But enough of the features, Let's have a look at the differences between the two actual products being announced today.
The Radeon HD 4850 itself
The first product released will be the cheapest one. Both the 4850 and 4870 products have the same chip, make no mistake. What you'll notice is that the 4850 will run at a 625 clock frequency and comes with 512MB GDDR3 memory (framebuffer) clocked at 1986 MHz. These two factors are pretty much the biggest difference compared to the big brother, which we'll get into in a second. Obviously the Radeon HD 4850 is again Crossfire/CrossfireX compatible, meaning if your mainboard allows it you can get four of these cards working. Power requirements aren't bad either. You can expect a 110 Watt peak watt power consumption. As mentioned earlier, good news also for the High-definition freaks, the new UVD 2.0 engine is built in as well, meaning we can now do dual-stream decoding and also push 7.1 channels lossless sound through HDMI. Fully dual-link DVI and HDCP compatible, of course. Again we'll talk about it later.
At a 199 USD introduction price, this product is just going to rock, but don't take my word for that, judge for yourself once we show you the benchmark results. Last thing I need to mention, all these features did not make this a huge bulky product, in fact it's a nice single-slot design. So yes, this is going to be an interesting product for sure.
Target price: 199 USD
ATI Radeon HD 4850
ATI Radeon HD 3850
ATI Radeon HD 3870
# of transitors
Stream Processing Units
2000 MHz (effective)
1.66 GHz (effective)
2.25 GHz (effective)
Math processing rate (Multiply Add)
Power Consumption (peak)
ATI CrossfireX With selected mainboards (pretty much anything not NVIDIA) you can combine one, two, three or even four graphics cards together in Crossfire mode. That's a lot of future redundancy. Today in this article we'll bring you some Crossfire results as we'll put the two Radeon HD 4850 we review together and have them crunch and show you some numbers.
DirectX 10.1 Both the Radeon HD 4850 & 4870 have support for the DirectX 10.1 API, introducing a new layer of extensions. DirectX 10.1 was launched with the Windows Vista Service Pack 1 and is backwards compatible with the existing DirectX 10 layer. Make no mistake, DX10.1 fully supports DX10 hardware. And DX10.0 class cards will still play DX10.1 games just fine.
It's basically an update to DX10 that extends the hardware functionality slightly. All the hardware is still supported, all the games still run, all the features are still there, it's just simply extended the feature set and the lifetime of the API. The release mainly sets a few more image quality standards for graphics vendors, while giving developers more control over image quality. Features scheduled for DirectX 10.1 include:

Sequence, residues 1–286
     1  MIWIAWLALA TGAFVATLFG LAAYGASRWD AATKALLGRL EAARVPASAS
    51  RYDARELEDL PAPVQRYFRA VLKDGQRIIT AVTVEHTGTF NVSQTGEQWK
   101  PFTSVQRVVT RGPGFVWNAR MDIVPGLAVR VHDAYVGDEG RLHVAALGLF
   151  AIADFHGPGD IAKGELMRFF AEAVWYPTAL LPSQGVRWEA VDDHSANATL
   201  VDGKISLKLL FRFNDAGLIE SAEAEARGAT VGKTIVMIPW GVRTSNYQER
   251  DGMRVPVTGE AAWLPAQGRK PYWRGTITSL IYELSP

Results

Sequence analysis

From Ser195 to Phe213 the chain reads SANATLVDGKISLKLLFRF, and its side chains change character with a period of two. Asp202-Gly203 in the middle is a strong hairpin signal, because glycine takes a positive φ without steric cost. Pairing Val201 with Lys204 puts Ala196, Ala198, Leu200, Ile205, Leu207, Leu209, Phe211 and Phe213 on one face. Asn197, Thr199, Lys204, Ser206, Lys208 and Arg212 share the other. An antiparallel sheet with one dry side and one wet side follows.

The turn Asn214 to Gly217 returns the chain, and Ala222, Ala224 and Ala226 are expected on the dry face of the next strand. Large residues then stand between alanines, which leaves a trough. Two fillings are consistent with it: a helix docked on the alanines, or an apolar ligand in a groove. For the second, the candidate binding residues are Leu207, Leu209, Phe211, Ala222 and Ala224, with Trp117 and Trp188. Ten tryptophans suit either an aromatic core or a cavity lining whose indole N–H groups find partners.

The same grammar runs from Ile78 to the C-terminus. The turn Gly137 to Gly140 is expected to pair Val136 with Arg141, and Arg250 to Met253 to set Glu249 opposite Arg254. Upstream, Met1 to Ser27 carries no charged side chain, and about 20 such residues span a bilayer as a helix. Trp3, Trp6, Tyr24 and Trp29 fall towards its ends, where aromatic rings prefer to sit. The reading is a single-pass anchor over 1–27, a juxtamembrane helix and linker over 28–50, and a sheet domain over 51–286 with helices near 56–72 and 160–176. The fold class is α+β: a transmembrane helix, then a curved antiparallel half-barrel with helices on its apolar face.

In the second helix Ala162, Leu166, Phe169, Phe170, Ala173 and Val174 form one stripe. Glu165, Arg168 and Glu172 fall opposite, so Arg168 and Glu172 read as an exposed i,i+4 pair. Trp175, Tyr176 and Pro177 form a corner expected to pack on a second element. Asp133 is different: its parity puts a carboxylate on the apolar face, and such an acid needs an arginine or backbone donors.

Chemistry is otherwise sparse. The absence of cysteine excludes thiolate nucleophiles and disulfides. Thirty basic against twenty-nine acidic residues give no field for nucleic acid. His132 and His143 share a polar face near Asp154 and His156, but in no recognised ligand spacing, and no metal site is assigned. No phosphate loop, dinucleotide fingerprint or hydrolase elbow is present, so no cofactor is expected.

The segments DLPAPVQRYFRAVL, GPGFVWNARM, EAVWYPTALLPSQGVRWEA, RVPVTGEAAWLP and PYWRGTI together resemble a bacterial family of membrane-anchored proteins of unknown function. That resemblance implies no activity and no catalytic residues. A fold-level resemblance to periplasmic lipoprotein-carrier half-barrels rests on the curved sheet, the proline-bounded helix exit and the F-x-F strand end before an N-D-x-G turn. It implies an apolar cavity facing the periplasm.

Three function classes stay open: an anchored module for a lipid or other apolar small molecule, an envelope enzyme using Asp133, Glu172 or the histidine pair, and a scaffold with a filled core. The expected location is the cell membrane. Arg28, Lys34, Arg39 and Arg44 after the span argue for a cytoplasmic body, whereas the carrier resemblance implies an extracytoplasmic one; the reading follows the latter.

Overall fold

Mandatory 32-bit floating point filtering
Mandatory 4x anti-aliasing
Shader model 4.1
As stated today we'll review not one, but two Radeon HD 4850 graphics cards. One from a new company called Force3D and the second one from Powercolor.
For DX 10.1 gaming you'll likely need two cards ...
AMD ATI Radeon HD 4870 1024MB review Today a test and review on the new AMD ATI Radeon HD 4870 1024MB. Obviously ATI is releasing a 1GB model to compete with the new Core 216 version of that GeForce GTX 260. The 4870 series really diggs that GDDR5 memory bandwidth, and what's the cheapest thing to do to gain some extra performance ? Increase the framebuffer volume. Now that by itself is not going to work miracles, yet in memory limited situations (loads of high quality textures, filtering and AA modes) it will help you here and there. And a little bit of extra bite is all the product needs to get beat that Core 216 card again.
AMD ATI Radeon HD 4850 Crossfire A review with Crossfire results as well, on the all new Radeon HD 4850 from Force3D and PowerColor. Definitely a review worth reading.
AMD ATI Radeon 3850 & 3870 review Today AMD will launch the Radeon 3000 series products, in specifically the Radeon HD 3850 and 3870. I'll give you a quick hint, these cards are roughly as fast a Radeon HD 2900 XT .. yet they are priced a very promising level; how does a price range of 149 to 249 USD sound ? See, performance wise a 149 USD Radeon HD 3850 will wipe the floor with the entire competitors GeForce 8500/8600 series easily and the 3870 will put up a great fight with the 8800 GTS. With new releases often also we can see a couple of new tricks. Today's announced products will see light of in the form of DirectX 10.1 support, the new UVD (video de/encoding) engine is now integrated opposed to the 2900 XT which didn't have it. Full PCI-Express 2.0 support, and a die-size based on 55nm to die for.